“Microsoft ‘Andromeda:’ Everything we know about the rumored foldable device”
If this article doesn’t just read “this page intentionally left blank,” then this is clickbait.
Microsoft moves to meet AWS support pricing
Mary Jo Foley reports this week that Microsoft has lowered its monthly fee for Azure Standard Support from $300 to $100. And it’s not out of the goodness of its collective heart: Instead, Microsoft is simply meeting the support pricing of Amazon AWS. This is why competition is important, obviously. And AWS isn’t just a great target for Microsoft to track competitively, it’s also a target for customer pricing. Which is interesting, when you consider that Amazon is applying its “Crazy Eddie” pricing scheme to cloud services now. May the most scalable company win.
“Microsoft to NSA: WannaCry is your fault”
And here I was blaming Intel all this time.
Intel results are surprisingly solid, but the future is in doubt
Intel this week reported earnings for the most recent quarter, and it surprised Wall Street by beating estimates and delivering record results for both the quarter and its entire fiscal year. “The fourth quarter was an outstanding finish to another record year,” Intel CFO Bob Swan noted, apparently unaware of the Meltdown and Spectre flaws that threaten to undermine the company’s entire business. Intel did admit that the PC business was “declining,” however, and CEO Brian Krzanich addressed the flaws in a conference call with analysts. He said that Intel was “working around the clock” to fix the flaws, and that it would permanently fix them in future versions of its CPUs. “We are up to the challenge,” he added. Sure. I just hope Intel is still around that long.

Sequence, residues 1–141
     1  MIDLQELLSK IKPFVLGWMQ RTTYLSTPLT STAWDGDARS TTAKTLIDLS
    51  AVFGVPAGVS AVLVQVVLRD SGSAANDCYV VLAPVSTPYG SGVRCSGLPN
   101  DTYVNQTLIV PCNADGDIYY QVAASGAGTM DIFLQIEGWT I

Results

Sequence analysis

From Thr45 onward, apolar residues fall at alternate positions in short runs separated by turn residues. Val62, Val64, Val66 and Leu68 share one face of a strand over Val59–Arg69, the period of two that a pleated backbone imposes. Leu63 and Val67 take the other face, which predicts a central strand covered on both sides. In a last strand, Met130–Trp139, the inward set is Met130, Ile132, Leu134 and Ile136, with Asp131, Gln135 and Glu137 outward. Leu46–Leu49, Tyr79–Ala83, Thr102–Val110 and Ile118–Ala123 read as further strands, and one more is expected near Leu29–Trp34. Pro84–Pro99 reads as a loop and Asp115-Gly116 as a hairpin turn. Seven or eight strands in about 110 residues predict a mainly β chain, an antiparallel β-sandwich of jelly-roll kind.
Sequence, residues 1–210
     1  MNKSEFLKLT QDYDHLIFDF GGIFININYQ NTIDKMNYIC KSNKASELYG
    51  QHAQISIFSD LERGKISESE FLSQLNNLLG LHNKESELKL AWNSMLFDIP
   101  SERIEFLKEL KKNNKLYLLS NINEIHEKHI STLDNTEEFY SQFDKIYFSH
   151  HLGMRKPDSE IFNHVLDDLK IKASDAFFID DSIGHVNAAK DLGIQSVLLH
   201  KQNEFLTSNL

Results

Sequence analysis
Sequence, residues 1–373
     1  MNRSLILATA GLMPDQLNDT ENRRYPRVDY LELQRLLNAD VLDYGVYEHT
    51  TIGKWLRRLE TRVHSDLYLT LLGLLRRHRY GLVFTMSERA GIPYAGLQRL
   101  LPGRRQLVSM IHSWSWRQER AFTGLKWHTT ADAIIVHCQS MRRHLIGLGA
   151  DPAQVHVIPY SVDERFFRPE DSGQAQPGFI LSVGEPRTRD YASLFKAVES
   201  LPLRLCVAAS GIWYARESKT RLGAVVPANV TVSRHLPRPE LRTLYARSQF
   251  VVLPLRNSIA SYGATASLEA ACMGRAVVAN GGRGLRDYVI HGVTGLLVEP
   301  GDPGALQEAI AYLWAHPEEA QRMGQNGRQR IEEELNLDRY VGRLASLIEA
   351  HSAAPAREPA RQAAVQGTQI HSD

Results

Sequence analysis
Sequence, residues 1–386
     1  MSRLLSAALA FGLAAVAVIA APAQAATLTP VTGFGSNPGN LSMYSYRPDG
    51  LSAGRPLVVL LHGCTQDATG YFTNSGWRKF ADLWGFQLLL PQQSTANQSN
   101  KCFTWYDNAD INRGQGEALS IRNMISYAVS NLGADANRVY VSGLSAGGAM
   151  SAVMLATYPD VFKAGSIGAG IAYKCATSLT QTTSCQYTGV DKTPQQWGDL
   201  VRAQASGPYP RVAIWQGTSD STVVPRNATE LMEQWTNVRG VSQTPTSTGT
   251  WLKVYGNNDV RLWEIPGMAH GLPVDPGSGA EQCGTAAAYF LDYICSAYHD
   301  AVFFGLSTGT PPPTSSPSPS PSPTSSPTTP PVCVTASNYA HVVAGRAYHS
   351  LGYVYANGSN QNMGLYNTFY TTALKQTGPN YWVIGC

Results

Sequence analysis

“Intel shares hit dotcom-era highs on robust data center demand”
Well, that never burst, so Intel is probably going to be fine.